The case: His opinion comes in a case where the Chattisgargh government had cancelled the rights of a tribal village to ensure mining by Rajasthan Vidyut Utpadan Nigam Ltd (RVUNL) with Adani Minerals Pvt Ltd. The state government passed an order on January 8, cancelling the community land rights of the tribals in the village, given under the FRA. The government, in the order, stated the villagers had been using their legal rights over the forest land to stop the work of mining in their village, which falls in the Parsa East and Kete Besan coal block.

The state government contended the village, Ghatbarra, had put its claim under the FRA after the government had already allocated the village’s forest land that comes in the coal block. Documents show the village did write to the authorities repeatedly against the mining and only after two years did it finally get the community rights.

The ministry of tribal affairs is in charge of implementing FRA. Documents accessed through the Right to Information Act show the tribal affairs minister received a letter from a member of Parliament, Husain Dalwai, ‘expressing anguish’ over the matter, citing news reports. Other organisations from the state also wrote to the ministry, giving documentary proof of the happenings.

The tribal affairs ministry began an internal assessment of the rare case. The officers in charge concluded the FRA did not allow anyone, including the government, to take away or cancel the rights under the law, once these had been accorded. The officials also noted that under Section 4(5) of the FRA, forest dwellers cannot be evicted or removed from forest land under their occupation till the recognition and verification process (of their rights) is complete.

The officials also noted the guidelines issued under the law “very clearly laid down that diversion of forest land for non-forest purpose cannot be undertaken without the completion of FRA process and certification of gram sabha to that effect”. 

They decided the Chhattisgarh government’s decision was illegal and the officials were liable for punishment under the law. The officials said the ministry, using its legally granted powers, should issue orders to the Chhattisgarh government to restore the village's community rights.   This was agreed upon by a joint secretary-rank officer in the ministry in charge of the FRA monitoring as well.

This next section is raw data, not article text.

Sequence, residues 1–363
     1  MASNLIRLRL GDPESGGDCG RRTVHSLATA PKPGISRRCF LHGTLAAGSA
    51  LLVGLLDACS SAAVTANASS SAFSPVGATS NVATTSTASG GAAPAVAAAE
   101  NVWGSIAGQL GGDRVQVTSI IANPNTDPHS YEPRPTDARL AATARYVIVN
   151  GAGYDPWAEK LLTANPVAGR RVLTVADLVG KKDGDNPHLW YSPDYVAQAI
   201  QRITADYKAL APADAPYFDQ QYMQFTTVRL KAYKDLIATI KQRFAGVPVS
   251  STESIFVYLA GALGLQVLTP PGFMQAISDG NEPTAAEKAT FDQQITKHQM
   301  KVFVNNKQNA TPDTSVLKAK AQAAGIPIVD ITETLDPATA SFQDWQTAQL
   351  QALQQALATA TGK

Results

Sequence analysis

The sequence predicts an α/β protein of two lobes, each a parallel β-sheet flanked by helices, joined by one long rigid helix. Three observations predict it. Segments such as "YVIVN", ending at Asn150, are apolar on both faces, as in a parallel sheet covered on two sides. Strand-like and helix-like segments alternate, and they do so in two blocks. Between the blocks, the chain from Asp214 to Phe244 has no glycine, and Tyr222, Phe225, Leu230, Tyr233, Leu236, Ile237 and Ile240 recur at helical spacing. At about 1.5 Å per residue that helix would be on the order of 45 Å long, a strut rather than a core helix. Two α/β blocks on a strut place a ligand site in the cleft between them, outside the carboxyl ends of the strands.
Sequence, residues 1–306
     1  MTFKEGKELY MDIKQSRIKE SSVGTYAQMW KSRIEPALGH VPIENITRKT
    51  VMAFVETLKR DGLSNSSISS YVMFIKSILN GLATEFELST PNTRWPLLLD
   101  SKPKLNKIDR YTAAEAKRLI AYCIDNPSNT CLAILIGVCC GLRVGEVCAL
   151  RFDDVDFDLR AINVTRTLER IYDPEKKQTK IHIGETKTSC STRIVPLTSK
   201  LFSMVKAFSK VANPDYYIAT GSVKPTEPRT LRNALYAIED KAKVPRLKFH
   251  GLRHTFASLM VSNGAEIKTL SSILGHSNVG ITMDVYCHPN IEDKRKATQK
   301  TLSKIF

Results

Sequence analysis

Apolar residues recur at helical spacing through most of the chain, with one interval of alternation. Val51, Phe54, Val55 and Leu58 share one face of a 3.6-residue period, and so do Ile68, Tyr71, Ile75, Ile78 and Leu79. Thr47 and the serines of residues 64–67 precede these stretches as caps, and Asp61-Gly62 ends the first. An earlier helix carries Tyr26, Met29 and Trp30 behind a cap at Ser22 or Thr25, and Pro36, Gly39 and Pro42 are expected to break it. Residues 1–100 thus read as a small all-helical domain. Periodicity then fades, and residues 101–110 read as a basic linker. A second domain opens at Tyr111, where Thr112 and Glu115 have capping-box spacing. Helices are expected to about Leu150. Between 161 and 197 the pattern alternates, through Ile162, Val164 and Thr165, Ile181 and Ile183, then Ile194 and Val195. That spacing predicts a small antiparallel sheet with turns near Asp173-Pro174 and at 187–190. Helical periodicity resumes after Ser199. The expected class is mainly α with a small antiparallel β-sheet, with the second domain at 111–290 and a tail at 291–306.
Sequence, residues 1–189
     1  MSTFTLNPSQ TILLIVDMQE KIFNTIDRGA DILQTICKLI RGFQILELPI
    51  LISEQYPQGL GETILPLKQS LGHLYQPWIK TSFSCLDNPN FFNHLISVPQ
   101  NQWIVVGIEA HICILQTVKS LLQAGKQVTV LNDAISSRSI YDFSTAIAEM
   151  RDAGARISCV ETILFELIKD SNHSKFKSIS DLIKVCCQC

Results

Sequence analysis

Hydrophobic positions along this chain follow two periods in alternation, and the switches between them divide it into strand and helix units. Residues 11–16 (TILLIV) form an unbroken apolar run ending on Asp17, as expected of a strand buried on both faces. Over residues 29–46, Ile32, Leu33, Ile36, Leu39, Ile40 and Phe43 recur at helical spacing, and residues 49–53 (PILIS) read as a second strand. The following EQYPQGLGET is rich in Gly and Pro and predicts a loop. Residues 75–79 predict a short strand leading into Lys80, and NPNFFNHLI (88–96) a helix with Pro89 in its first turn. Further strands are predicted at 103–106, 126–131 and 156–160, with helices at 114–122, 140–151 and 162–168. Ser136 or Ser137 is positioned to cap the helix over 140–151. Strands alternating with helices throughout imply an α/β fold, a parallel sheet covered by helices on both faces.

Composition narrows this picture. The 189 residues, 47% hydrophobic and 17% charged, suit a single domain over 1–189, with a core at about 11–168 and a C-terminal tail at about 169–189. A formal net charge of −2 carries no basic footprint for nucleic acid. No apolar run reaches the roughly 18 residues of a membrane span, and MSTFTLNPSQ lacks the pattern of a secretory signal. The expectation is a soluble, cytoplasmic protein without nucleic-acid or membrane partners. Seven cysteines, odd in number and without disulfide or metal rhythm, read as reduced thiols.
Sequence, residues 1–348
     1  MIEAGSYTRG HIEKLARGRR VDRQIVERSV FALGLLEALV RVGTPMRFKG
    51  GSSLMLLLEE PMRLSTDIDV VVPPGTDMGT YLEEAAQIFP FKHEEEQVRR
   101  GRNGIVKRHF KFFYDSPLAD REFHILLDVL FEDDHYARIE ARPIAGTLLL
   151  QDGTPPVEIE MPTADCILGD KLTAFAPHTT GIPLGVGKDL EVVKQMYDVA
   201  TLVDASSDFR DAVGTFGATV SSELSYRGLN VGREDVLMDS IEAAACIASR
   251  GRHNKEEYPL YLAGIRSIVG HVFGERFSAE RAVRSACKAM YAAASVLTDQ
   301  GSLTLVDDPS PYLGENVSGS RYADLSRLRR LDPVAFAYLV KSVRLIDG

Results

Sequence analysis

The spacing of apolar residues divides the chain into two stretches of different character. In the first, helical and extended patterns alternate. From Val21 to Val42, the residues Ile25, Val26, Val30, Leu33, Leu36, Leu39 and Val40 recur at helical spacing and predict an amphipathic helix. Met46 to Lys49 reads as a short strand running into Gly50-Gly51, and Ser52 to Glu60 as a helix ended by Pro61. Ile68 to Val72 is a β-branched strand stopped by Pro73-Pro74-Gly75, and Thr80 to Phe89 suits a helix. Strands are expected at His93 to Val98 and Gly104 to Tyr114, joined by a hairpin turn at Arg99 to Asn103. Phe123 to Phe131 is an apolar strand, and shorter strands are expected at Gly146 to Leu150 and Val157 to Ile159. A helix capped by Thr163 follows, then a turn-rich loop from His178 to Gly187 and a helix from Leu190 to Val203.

He wrote, “Both on facts and matter of law, the said cancellation of community forest right is arbitrary and violation of the letter and spirit of the law, i.e. Forest Rights Act.” He noted the land of the tribal village could only be acquired by the government following the process laid down in the Land Acquisition Act, once the rights of the people had already been conferred under the FRA.

Secretary's veto: When the matter came to the secretary, Shyam S Agarwal, in March, he asked for more information on the case. He then put on record a query: “Whether in anticipation of possible CFR (common forest right) under FRA, no other activity/diversion on forest land should be done or not?”

He answered the query himself, right below the question, stating: “To my mind, the answer is no. That is, if no claim as per FRA is lodged, then diversion for other purposes as per existing other statutes.” He highlighted and underlined the word ‘no’ in his paragraph. The file noting show he then went against the advice from his subordinates, to state, “In any case, in my opinion, it is premature at this stage to issue a direction that community forest right cancellation is bad in law.”

He said if in an ongoing National Green Tribunal case, it favoured the clearance given to the mine, then the Chhattisgarh government can continue with taking away the village’s forest rights. If the NGT cancels the permission for mining, then it can hand back the rights to the tribals. He said, “We may as above issue an office memorandum clarifying the position as above. Ask the state government not to cancel community forest rights on undisputed parts (i.e to the extent no mining rights are granted)." Or as an option he said, “Just refrain from doing anything at this stage. This is more so important as the matter is sub judice.”

And, so... Subsequently, the ministry did not order the state government to restore the tribal rights. It instead sent a letter in April, merely ‘requesting’ it to “ascertain the factual position in this regard, along with provision of law under which the cancellation has been made and intimate this ministry at the earliest”.

The secretary justified it, stating, “In any case the matter is sub judice and the reply just received from the state government is under examination. Moreover ,a final view can only be taken by this ministry after the environment ministry passes a reasoned order and final judgement of NGT is pronounced in the matter. The issue has also been taken up by the National Commission for Scheduled Tribes and by the National Human Rights Commission with the state government of Chhattisgah.” 

He was referring to the case where the NGT rejected the forest clearance given to coal mining under the Forest Conservation Act and not the FRA, which concerns community forest rights of tribals and other forest dwellers.  The secretary’s decision, if applied across the board in all cases, could have implications far beyond the Chhattisgarh case. The Washington-based Rights and Resources Initiative, along with Vasundhra and Natural Resources Management Consultants, assessed in July 2015 that only 1.1 per cent of the potential area for community forest rights, adding to 32,198,305 hectares, had been recognised by various state governments.


More articles on the environment by Nitin Sethi